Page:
# How do I calculate the power output of the lightbulb?

1. Apr 21, 2013

### jawhnay

1. The problem statement, all variables and given/known data
How do I find the answer for part C?

3) A battery with an Emf of 12 volts is hooked up to a 125 ohm resistor and an ammeter. The ammeter measures a current of 75 mA.
a) Calculate the internal resistance of the battery and the actual voltage across the battery.
b) Calculate the power dissipated in the resistor and the power generated by the battery.
c) The battery is now disconnected from the 125 ohm resistor and connected to a 60 watt light bulb.
What will be the actual power output of the light bulb?

2. Relevant equations
Vbattery = Emf - IRinternal
V = IR = I2R
P = iV

3. The attempt at a solution
a) Vbattery = .075(125) = 9.375
Rinternal = (9.375 - 12) / -0.075 = 35ohms

b) Presistor = (0.075)2125 = 0.703 watts
Pbattery = 0.075(9.375) = 0.703 watts

c)I thought the power supplied to the lightbulb would be 0.703 watts, but it isn't... can anyone explain why?

2. Apr 21, 2013

### SteamKing

Staff Emeritus
I think you are assuming that the internal resistance of the light bulb is also 125 ohms.

3. Apr 21, 2013

### jawhnay

The voltage of the battery and the internal resistance of it doesn't change right? So wouldn't the current be the same regardless if the 125 ohm resistor is gone? I tried to use P = IV to calculate the power output for the lightbulb

4. Apr 22, 2013

### SteamKing

Staff Emeritus
What if the 125 ohm resistor were replaced with a 50 ohm resistor? How would that change the current?

5. Apr 22, 2013

### jawhnay

The current would increase to .188 amps to make up for the decrease in resistance if the voltage of the battery is the same.

6. Apr 22, 2013

### CWatters

If the 125 was replaced by a 50 Ohm the current becomes... 12/(35+50)=0.14A

For c) If the nominal specification for the bulb is 12V 60W then what will it's resistance be?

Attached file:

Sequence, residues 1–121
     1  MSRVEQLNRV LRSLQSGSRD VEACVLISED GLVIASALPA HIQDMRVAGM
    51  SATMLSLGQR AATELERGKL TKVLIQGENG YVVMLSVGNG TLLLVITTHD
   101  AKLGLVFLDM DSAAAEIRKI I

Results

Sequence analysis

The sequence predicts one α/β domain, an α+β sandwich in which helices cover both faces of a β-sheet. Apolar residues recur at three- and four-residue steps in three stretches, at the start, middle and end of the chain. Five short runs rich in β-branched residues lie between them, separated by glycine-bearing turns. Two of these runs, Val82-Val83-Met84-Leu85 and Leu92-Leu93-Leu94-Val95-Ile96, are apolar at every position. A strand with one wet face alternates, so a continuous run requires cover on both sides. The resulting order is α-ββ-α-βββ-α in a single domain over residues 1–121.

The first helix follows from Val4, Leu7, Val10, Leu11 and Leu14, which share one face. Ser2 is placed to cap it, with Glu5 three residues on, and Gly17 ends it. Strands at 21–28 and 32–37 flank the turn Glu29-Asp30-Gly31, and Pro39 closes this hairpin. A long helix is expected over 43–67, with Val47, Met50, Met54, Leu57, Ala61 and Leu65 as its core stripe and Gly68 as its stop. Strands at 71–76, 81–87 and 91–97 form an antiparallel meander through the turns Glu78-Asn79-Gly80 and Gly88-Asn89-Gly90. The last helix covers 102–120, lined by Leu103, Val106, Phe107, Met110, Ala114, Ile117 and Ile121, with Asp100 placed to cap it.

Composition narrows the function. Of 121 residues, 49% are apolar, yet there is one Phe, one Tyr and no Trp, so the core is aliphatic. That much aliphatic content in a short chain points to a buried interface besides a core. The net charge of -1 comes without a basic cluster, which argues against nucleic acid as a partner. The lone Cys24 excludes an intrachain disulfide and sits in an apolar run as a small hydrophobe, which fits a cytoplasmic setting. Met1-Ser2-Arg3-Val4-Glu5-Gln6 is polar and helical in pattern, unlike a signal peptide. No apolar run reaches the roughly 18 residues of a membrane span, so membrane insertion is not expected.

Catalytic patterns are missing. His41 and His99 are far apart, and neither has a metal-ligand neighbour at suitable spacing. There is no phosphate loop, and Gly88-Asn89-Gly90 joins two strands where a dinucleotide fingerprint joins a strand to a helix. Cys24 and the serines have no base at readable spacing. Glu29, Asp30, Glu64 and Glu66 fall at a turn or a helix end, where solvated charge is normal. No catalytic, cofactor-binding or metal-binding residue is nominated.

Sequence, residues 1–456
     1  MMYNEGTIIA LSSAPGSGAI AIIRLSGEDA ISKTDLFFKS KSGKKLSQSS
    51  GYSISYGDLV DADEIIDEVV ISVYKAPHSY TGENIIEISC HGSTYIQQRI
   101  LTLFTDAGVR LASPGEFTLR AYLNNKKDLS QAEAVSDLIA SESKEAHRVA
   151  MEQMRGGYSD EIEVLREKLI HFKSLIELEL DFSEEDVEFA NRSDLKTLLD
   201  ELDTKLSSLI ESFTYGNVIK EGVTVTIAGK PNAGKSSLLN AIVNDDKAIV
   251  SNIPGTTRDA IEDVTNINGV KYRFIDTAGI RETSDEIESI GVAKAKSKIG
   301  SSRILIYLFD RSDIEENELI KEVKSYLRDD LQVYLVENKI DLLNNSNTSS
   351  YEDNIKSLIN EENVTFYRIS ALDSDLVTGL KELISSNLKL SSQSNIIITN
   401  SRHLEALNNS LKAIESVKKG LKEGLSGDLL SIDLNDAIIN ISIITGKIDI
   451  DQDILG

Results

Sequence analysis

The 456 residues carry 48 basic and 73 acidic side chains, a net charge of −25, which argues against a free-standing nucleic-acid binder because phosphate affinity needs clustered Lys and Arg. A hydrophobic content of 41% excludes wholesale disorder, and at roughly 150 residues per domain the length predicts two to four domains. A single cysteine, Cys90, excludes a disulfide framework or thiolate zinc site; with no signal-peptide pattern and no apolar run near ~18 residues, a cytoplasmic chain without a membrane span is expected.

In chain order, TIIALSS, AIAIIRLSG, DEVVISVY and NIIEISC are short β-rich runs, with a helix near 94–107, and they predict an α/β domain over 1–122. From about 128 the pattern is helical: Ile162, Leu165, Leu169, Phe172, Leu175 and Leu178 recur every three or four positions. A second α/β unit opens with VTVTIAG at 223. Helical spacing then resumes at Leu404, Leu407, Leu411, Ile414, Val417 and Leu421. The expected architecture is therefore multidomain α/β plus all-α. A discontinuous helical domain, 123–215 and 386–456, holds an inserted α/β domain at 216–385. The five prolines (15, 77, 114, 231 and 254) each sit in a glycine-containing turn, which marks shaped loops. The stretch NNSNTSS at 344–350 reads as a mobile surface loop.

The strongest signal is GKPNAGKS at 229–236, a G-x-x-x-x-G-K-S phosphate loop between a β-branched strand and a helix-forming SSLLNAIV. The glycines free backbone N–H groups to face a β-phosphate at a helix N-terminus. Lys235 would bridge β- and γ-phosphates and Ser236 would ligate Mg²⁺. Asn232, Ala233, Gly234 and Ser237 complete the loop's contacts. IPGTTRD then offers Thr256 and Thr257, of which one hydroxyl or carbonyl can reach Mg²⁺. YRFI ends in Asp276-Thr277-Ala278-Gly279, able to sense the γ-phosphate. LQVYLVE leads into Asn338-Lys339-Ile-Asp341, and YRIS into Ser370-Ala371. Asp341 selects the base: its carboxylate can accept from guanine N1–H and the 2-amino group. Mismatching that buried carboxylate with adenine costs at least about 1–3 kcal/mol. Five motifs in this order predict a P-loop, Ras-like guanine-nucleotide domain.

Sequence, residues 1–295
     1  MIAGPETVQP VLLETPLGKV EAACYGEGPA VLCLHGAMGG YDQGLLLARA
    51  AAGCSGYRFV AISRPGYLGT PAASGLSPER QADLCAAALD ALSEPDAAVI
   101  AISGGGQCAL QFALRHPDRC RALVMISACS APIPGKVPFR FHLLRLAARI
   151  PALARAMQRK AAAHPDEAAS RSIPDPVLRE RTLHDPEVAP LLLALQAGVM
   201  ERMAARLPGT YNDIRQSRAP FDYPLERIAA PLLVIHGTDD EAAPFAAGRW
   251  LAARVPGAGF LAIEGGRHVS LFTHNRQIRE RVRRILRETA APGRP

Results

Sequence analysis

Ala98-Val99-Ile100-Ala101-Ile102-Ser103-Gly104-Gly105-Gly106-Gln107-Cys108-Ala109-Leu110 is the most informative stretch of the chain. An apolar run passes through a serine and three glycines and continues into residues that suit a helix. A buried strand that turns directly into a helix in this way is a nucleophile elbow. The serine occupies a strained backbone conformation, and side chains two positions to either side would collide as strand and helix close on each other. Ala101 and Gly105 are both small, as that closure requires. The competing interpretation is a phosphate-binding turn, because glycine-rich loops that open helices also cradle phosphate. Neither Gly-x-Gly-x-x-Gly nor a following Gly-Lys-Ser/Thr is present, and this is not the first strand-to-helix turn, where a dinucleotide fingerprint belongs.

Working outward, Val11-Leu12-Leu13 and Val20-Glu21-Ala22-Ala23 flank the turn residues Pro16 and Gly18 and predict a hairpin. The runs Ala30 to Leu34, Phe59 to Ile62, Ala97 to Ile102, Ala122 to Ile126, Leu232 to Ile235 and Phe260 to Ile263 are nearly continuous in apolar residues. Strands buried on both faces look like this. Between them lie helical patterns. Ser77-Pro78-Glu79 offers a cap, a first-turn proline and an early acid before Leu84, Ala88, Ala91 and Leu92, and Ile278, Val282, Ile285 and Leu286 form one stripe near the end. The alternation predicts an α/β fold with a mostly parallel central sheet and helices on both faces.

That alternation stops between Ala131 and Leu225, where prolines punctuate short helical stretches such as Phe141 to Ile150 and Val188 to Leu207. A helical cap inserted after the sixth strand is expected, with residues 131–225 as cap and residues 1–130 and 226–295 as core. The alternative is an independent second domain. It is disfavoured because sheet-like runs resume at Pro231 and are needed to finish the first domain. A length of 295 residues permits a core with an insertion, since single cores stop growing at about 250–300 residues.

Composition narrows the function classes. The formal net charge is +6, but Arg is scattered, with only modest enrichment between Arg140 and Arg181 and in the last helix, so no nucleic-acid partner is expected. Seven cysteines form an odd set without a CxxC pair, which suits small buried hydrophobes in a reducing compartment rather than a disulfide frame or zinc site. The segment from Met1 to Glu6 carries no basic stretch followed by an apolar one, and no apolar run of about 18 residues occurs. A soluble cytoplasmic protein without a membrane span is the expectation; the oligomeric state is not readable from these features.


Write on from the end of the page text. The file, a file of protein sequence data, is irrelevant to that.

7. Apr 22, 2013

### jawhnay

the resistance would be R = (12)^2/60 = 2.4 ohms?

8. Apr 22, 2013

### CWatters

So replace the 125R with 2.4R. Calculate the current and then the power in the 2.4 ohm resistor/bulb.

9. Apr 22, 2013

### jawhnay

So, I get I = 12/(2.4+35) = 0.321 amps. P = I^2R = (.321)^2(2.4) = 0.247 watts. I got the wrong answer. The answer is actually 0.46 watts.

10. Apr 22, 2013

### CWatters

I agree with your figure for the power (eg 0.247W). I can't see how they get 0.46W.

Anyone else want to comment?

Edit: Does the question mention the nominal voltage rating of the bulb? I can't see how to solve it unless you assume it's a 12V bulb.

Last edited: Apr 22, 2013
11. Apr 22, 2013

### milesyoung

I'd take a guess at 120 V rating for the bulb after U.S. standard - gives a nice round number for its resistance and my napkin math shows an output of around 0.46 W.

12. Apr 22, 2013

### CWatters

Have just run the numbers and I agree...

Bulb resistance = 1202/60 = 240 Ohms

Current would be..

12/(35+240) = 43.6mA

Power would be

(43.6 * 10-3)2 * 240 = 0.457W

It's a badly worded question when the answer depends on which country you live in :-)

13. Apr 22, 2013

### jawhnay

how would I have known that the voltage rating of the lightbulb is 120 V if it isn't stated in the question? Is there no other way to solve part c given what is in the question?

14. Apr 22, 2013

### cepheid

Staff Emeritus
Since 120 V is what's used for AC mains electricity (i.e. wall power) in North America, usually when a bulb has a "60 W rating", it's meant that if you plug it into wall power, it will consume 60 W of power. From this you can infer its resistance. That's why 120 V was meant to be assumed. Obviously if you plugged it into a supply at some other voltage, a different amount of power would be drawn. That having been said, I totally agree that problems in which you are meant to assume information that isn't given are BAD.

15. Apr 23, 2013

### CWatters

jawhnay - out of interest what country are you in?

16. Apr 25, 2013

### jawhnay

@cwatters I'm from the united states.